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Character Design Brainstorm: The Man (or Woman) of the Cloth

Tantz_Aerine at 12:00AM, Aug. 29, 2020
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There are many tropes and many archetypes that we use for character designs. I had a couple of years go (have I really been at it this long!?) done a series of articles on the standard character type/functionality archetypes.

I'm thinking it's high time to explore archetypes in class, category, or specifications rather than personality or functionality in the story.

And what better way to start than with the Man (or Woman) of the Cloth?

A person of the cloth can be anything from a deacon to a patriarch, a novice nun to a mother superior, an initiate templar to a master templar, a druid or a voodoo priestess- the main and most important thing is that they are members and active practitioners of an established religion.

People of the cloth come in some standard versions:

They may be actual believers



Or they may be skeptics



Or, they may be master manipulators, using religion for their own benefit without any faith or belief



Or they may just BE the devil, or have some kind of juicy pact with it.



This has a good overlap with their personalities, in that it colors their personalities and approaches/reactions to assorted situations.

It may make them go rogue, bucking the established hierarchy or system of religion they are in, or try to ascend the ladder like in a corporate dog eat dog world. They may have many faces, or they may try to withdraw from the world or their peers.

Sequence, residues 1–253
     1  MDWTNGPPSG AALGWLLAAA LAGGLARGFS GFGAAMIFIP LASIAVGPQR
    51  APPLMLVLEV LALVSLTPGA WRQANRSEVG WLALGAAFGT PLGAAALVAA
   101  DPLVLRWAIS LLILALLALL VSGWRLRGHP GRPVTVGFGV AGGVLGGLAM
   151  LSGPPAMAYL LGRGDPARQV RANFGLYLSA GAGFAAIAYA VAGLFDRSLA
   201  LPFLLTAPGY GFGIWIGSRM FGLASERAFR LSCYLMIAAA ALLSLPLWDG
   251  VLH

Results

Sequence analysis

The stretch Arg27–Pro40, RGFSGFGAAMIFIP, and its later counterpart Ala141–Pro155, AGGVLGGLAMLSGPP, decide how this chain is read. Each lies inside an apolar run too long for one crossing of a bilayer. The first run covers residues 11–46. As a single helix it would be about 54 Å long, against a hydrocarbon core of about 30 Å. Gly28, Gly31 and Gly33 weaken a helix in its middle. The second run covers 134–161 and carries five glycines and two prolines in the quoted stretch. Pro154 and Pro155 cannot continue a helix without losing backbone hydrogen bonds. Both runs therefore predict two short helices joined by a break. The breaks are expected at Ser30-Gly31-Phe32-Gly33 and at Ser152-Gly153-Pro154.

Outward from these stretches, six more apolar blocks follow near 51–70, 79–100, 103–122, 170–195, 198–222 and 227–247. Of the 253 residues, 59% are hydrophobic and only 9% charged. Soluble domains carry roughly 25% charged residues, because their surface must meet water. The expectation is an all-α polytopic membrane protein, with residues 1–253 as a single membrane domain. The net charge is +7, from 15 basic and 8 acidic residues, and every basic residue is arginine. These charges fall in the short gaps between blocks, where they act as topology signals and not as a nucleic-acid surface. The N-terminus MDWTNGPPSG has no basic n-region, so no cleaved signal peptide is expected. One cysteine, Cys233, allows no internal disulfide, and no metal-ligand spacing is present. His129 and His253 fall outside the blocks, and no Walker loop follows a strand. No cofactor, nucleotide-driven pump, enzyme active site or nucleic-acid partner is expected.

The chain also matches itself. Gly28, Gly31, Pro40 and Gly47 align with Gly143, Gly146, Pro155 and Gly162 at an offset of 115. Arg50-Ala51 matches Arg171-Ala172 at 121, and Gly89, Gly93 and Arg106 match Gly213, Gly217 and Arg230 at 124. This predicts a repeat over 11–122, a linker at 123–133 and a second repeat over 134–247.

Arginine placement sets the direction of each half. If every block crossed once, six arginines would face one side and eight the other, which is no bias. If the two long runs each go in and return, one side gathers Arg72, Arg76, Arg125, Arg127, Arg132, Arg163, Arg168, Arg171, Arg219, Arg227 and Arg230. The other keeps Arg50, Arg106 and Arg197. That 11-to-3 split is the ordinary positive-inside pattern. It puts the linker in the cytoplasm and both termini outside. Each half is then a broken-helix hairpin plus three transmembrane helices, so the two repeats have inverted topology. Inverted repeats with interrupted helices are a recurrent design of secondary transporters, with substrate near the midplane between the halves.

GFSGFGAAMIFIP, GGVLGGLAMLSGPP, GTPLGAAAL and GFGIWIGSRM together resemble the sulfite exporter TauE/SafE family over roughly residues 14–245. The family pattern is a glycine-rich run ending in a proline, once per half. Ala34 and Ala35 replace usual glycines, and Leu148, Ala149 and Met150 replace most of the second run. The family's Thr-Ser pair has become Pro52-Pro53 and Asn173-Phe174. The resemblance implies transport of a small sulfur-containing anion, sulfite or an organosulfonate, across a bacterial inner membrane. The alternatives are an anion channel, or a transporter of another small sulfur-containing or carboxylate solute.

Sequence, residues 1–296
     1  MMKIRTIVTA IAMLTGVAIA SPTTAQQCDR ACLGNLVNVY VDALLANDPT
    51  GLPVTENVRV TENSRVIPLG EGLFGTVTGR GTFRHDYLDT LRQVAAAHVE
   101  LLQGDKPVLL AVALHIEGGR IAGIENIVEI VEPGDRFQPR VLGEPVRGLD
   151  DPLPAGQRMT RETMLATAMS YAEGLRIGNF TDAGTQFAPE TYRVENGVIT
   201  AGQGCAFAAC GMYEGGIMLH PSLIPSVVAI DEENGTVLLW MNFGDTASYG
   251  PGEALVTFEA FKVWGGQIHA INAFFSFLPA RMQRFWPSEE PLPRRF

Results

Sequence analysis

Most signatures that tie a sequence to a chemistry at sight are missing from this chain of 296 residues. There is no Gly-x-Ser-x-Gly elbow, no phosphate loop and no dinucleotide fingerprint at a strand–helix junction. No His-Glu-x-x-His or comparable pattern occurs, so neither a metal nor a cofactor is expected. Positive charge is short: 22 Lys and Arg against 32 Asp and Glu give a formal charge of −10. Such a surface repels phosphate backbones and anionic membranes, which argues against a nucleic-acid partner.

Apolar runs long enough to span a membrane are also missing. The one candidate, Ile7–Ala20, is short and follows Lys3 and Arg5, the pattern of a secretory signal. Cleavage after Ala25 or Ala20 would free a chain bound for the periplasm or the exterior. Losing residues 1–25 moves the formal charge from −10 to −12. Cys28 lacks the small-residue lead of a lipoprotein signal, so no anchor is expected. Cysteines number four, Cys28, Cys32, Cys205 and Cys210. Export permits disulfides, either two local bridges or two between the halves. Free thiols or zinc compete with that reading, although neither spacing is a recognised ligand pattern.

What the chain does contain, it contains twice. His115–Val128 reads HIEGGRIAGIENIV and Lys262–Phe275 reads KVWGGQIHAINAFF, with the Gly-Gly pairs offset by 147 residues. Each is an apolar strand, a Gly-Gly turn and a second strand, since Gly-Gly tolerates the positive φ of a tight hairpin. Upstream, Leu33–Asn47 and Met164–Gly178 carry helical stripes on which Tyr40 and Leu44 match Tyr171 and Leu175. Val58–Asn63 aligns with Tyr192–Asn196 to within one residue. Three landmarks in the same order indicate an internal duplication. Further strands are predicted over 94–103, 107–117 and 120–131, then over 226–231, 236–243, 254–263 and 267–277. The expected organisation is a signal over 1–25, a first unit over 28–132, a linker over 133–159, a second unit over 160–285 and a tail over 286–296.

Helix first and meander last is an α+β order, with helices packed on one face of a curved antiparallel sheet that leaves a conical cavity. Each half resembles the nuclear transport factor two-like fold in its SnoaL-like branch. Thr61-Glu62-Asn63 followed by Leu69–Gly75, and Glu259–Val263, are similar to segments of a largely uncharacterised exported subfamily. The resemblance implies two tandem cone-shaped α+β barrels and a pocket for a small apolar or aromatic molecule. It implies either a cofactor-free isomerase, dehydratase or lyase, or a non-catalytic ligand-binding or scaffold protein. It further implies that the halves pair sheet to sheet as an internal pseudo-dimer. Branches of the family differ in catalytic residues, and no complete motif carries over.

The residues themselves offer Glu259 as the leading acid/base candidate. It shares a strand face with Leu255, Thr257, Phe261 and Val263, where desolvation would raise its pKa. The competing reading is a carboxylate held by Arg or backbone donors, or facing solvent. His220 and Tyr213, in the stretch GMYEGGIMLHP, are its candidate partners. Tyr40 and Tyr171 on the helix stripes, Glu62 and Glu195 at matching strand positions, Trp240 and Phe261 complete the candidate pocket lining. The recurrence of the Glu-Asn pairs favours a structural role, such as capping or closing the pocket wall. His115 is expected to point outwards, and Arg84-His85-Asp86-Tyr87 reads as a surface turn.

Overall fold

Depending on whether the divine or God exists in your world setup, the person of the cloth will have different flavours to what/how/how much they believe in their god or gods. If the god/gods exist, and they believe in them is different than if they don't exist and they believe in them. Likewise if the god/gods don't exist and they don't believe in them, or the gods do exist but the man of the cloth doesn't believe in them.

It also isn't necessary for what their true colors are to immediately show OR stay the same: a priest might come across as insolent and audacious and actually be pious and a true believer, and the reverse. Or, they may start off being skeptics or non-believers and end up being believers and vice versa.

The priest is important as a character type because they command authority no matter what their religion, era, type, or look. From cleric to televangelist to shaman, people will look to them for guidance, comfort or even the miracle they desperately need.

Whether a main character or a side character, they will be a presence- or, if they have no presence, that too will make a statement for either your character or the world they are in.

Have you had a man/woman of the cloth in your story?

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comment

anonymous?

Corruption at 12:00AM, Aug. 31, 2020